Part vi.

A Short Address before and after Con- the candidate for the clerical pro

firmation, delivered on the 9th of fession is more immediately in the April, 1832, in the Cathedral and writer's view, there is not an underParish Church of St. Michael, &c. graduate who would not do well to Barbados. Bridge-Town: Pp. 14. have it at his fingers' ends. It may be

read through in half an hour; and conAn extensive circulation of this ad- tains a mine of useful knowledge, mirable address would be of infinite which it would take a whole life to service to the young, who have lately exhaust. renewed their baptismal engagements; and not to those only, but to the Christian generally, for the purpose of

Discourses on the Evidences of the occasional meditation on the relation

Christian Religion. By the Rev. in which he stands to God. The con- John STONARD, D. D. Rector of cluding prayer we subjoin, as being the Aldingham. London : Simpkin and only part which is capable of separa

Marshall. 1831. 8vo. Pp. vi. tion from the whole, without injustice

297. to that which it would be necessary to In a series of fourteen discourses, the leave behind.

student is here presented with a con“ Almighty and everliving God, nected view of Christian evidence ; who makest us both to will and to

and so admirably digested as to form do those things that be good and ac

a very ready means of supplying." a ceptable unto thy Divine Majesty ; I

reason of the hope that is in him.” render unto Thee my most humble and hearty thanks, for that, as on this day, by the laying on of the hands of the bishop, after the example of thy holy

Luther and the Lutheran Reformation. Apostles, thou didst certify me (by this By John Scott, Vicar of North sign) of thy favour and gracious good- Ferriby, &c. Vol. I. London: Seeley. ness towards me. Let thy fatherly

1832. 12mo. Pp. vii. 421. [Chris hand, I beseech thee, ever be over tian's Family Library, No. I. edited me; let thy Holy Spirit ever be with by the Rev. E. BICKERSTETH.] me; and so lead me in the knowledge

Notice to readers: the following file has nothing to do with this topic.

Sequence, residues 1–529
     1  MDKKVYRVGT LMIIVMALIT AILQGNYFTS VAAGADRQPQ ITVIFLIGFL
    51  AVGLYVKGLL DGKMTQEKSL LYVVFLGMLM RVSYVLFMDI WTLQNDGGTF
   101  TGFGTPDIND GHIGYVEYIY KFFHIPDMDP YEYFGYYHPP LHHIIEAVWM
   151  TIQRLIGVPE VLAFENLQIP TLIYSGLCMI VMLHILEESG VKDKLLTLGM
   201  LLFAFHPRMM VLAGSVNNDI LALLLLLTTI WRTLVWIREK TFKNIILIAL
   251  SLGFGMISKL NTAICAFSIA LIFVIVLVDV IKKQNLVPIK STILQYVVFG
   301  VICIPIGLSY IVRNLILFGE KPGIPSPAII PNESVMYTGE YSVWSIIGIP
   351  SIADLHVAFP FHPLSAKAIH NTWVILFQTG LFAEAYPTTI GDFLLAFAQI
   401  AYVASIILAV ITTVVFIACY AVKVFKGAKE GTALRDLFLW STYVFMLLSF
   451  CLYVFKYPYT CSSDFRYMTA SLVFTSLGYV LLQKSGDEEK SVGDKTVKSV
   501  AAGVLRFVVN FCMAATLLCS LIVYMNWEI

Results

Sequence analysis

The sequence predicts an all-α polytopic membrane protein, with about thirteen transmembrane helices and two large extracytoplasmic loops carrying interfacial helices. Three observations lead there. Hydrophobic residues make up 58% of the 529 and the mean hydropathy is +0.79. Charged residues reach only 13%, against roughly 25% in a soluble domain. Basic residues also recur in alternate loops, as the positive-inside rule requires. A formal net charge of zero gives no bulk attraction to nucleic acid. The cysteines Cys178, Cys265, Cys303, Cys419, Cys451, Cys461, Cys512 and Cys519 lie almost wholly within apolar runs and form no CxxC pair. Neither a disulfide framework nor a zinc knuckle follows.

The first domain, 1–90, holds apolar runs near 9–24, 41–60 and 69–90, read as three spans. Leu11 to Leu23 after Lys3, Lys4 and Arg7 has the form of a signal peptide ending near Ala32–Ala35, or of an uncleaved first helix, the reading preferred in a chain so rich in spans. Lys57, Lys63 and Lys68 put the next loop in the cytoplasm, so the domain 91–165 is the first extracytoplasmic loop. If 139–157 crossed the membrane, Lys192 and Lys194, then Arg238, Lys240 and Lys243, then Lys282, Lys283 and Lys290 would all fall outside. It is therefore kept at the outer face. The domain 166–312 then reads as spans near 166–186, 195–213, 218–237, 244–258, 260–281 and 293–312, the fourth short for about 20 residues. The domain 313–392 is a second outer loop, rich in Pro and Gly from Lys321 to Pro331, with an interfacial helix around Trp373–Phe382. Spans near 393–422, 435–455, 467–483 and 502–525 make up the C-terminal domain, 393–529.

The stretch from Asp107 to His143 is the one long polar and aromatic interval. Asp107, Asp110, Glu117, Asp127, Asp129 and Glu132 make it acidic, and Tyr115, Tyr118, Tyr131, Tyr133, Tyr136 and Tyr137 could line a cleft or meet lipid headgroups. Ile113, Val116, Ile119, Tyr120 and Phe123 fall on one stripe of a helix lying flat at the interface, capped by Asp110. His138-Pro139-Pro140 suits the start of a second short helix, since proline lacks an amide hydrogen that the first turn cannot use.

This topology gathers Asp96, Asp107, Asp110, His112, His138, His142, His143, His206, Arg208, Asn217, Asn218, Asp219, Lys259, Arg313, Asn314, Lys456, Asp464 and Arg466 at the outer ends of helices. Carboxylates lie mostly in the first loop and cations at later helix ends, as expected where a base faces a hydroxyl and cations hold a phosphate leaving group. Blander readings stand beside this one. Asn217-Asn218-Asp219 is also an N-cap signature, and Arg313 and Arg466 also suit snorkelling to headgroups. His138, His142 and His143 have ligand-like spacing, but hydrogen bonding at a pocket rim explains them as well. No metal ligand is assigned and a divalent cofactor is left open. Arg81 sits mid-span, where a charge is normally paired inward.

A Memoir of the Rev. E. Payson, D.D. and obedience of thy word, that in the

late Pastor of the Second Church in end I may obtain everlasting life,

Portland, V. S. 12mo. Pp. xvi. through our Lord Jesus Christ, who 448. (Christian's Family Library, with thee and the Holy Ghost, liveth

No. II.) and reigneth, ever one God, world The former of these volumes is little without end. Amen.

else than a compilation from Milner's

“ Church History;" and the latter has Advice to a Young Man upon first going

already been before the public in

another shape. They will doubtless to Oxford, in Six Letters from an Uncle to his Nephew. By the Rev.

have their readers among a certain E. Berens, M. A, late Fellow of disposed to lend our aid to forward the

class of religionists; but we are not Oriel College. London: Rivingtons,

views of a party to whom we are as 1832. 12mo. Pp. 167.

decidedly opposed as Christian charity Of all the useful writings of Mr. Berens, will allow. While there is much in this and they are all of the very highest new “Library” which might tend to degree of utility, the present, perhaps, advance good morals, and forward the is the most interesting, and certainly desirable ends of religious instruction not the least important. Cantab orOx- and ecclesiastical knowledge, the adonian may equally profit by the maxims vantage is more than counterbalanced of solid wisdom, which are laid down by the Calvinistic turn which is given with the convincing force of truth itself to the events recorded, and the sentiin this delightful manual; and, though ments expressed.